Bay Area/ San Francisco/ Food & Drinks
Published on December 16, 2019
Former chef, employees of Castro's Bhoga allege wage theftBhoga is now open at 468 Castro St. | Photo: Steven Bracco/Hoodline

Less than a month after opening, Bhoga — the Castro's newest Indian restaurant — is already in hot water.

Hoodline readers will recall Bhoga's November 20 opening was delayed nearly three years, after multiple permitting and approval issues with the city.

But before the doors to the restaurant even opened, executive chef Mel Oza and two other employees had already quit, over alleged wage theft on the part of owner Prem Makkena.

"I felt frustrated and betrayed, I was in disbelief," said Adam, a former Bhoga front-of-house manager. "I've been working in the restaurant industry for 9 to 10 years, and I've never had this kind of experience before."

Bhoga softly opened November 20. | Photo: Steven Bracco/Hoodline

Oza was hired as Bhoga's executive chef for his extensive restaurant industry background. A certified sommelier, he had previously worked at upscale Indian eateries like Palo Alto's Mantra and Charlotte, NC's Copper. 

This summer, he was recruited by Bhoga's general manager, Sandeep "Sunny" Cherukuri, to move cross-country and become the restaurant's chef. In early August, Oza made a verbal agreement with Cherukuri and Makkena to work for them on a contract basis while he made the move from Richmond, VA to the Bay Area, with Bhoga picking up the tab on some of his moving expenses.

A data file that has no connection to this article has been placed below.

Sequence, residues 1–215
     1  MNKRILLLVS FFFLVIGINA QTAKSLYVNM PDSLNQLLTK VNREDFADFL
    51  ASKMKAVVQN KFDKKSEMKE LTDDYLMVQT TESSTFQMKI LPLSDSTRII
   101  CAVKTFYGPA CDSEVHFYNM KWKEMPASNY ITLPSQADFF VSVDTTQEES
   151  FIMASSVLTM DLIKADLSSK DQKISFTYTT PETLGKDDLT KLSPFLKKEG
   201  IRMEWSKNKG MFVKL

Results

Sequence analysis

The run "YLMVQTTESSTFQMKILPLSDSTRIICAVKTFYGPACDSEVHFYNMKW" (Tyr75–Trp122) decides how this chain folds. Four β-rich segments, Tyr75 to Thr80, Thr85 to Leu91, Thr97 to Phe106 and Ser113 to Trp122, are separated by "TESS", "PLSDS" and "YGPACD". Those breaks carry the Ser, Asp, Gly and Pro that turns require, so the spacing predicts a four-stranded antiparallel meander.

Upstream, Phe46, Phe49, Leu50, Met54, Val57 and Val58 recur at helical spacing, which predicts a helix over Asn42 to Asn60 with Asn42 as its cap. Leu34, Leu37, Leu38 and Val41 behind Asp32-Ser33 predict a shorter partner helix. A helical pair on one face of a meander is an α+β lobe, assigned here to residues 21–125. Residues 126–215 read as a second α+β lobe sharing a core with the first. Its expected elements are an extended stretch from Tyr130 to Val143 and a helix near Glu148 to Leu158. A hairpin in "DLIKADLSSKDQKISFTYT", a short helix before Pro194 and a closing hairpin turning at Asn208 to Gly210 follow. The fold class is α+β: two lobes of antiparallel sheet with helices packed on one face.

During that time, Oza said, he worked remotely on the restaurant's concept, menu, design and wine program. In early September, he signed a contract to start as a full-time employee, with his first official day of full-time work on September 12. 

But even after becoming a full-time employee, Oza told Hoodline, he did not receive his salary, nor payment for his earlier contract work. On November 7, after what he said was weeks of runaround from Cherukuri and Makkena, he demanded payment. When they didn't comply, he quit.

Oza said he hasn't set foot inside the restaurant since November 11, 10 days before it opened. His contract also promised full health benefits (required by law in San Francisco for full-time employees) and $1,500/month in housing expenses, neither of which he ever received. The verbal commitment to pay some of Oza's moving expenses also went unmet. 

On November 22, Oza officially filed an unpaid wage claim with California's Department of Industrial Relations (DIR). In the claim, he says he's owed $18,104.30. That number includes his unpaid housing and moving expenses, but not the benefits he never received.

"Prem has no clue how to run a restaurant," said Oza of Makkena, who also owns the Mission's Deccan Spice. "[But] Sandeep is the one I feel deceived by most."

Hoodline reached out to Makkena, who denied all allegations of unpaid wages.

"There were some consultants who promised some deliverables and took advance pay, but never turned the completed final deliverables," he said. "We believe that they even stole our assets and acted without proper authorization, and were trying to defame us."

Makkena declined to comment on which assets were stolen, or the employee(s) who allegedly stole them.